Losses are always present in cold atoms experiments. However in presence of correlations between atoms, evaluating their effect is a difficult theoretical problem which is largely unexplored. This is illustrated by our recent work on the effect of losses on a gas with contact interactions: if one makes the usual assumption that the environment involved in the loss process has a vanishing correlation time, which is the assumption that leads to the famous Lindblad equation used so far to describe losses in the context of cold atoms, then we show that the energy increase rate in the gas diverges in dimensions larger than 1. The description of losses requires either taking into account the finite correlation time of the reservoir, or taking into account the finite interaction range between atoms.
In dimension 1, such a divergence is absent and for short enough correlation time of the reservoir, losses are well described by the Lindblad equation, even in the presence of contact interactions. We have investigated the effect of losses in the Lieb-Liniger model of 1D bosons with contact interaction. We assume slow losses so that the gas has time to relax at any time. In contrast to chaotic systems which relax towards a thermal state parameterized by 2 quantities, the particle density and the energy density, the local properties of the Lieb-Liniger model after relaxation are parameterized by a whole function, the rapidity distribution. We have computed the evolution of the rapidity distribution in presence losses, thus characterizing entirely the effect of slow losses. We observe that losses bring the system to a non-thermal state, and we show that a manifestation of the non-thermal nature of the state is the breakdown of the popular Tan's relation.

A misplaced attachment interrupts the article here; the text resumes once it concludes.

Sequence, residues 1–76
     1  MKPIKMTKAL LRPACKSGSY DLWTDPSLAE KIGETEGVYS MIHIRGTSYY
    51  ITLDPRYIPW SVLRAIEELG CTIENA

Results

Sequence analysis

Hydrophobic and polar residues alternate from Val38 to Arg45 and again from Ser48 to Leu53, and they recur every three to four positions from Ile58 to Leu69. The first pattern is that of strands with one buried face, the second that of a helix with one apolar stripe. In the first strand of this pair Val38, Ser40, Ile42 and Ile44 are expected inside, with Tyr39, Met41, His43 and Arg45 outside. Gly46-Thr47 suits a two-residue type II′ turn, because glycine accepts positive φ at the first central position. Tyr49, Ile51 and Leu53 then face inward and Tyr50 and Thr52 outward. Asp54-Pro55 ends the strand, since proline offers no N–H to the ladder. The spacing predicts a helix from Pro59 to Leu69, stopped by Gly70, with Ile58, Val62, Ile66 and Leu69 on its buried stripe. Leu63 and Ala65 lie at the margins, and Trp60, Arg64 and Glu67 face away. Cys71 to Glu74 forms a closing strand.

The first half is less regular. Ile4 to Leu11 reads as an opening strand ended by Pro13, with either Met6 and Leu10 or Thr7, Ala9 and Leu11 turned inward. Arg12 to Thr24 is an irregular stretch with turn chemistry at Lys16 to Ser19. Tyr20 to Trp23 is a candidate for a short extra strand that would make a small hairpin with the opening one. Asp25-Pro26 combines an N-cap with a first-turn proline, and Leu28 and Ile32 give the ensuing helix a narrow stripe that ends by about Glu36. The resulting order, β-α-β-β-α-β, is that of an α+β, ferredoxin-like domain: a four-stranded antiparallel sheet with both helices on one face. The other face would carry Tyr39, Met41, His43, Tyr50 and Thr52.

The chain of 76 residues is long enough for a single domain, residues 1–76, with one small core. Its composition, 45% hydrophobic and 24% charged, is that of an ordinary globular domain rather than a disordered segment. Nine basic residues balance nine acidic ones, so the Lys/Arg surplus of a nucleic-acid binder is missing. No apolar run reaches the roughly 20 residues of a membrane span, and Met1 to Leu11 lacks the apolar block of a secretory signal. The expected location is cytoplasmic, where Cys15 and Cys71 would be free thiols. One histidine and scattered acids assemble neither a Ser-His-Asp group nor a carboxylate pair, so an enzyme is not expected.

In the particular case when the gas lies into the quasi-condensate regime, the effect of losses can be computed within the Bogoliubov framework. Experimentally, our measurements, which concern long wave-length collective modes, are in agreement with those theoretical predictions.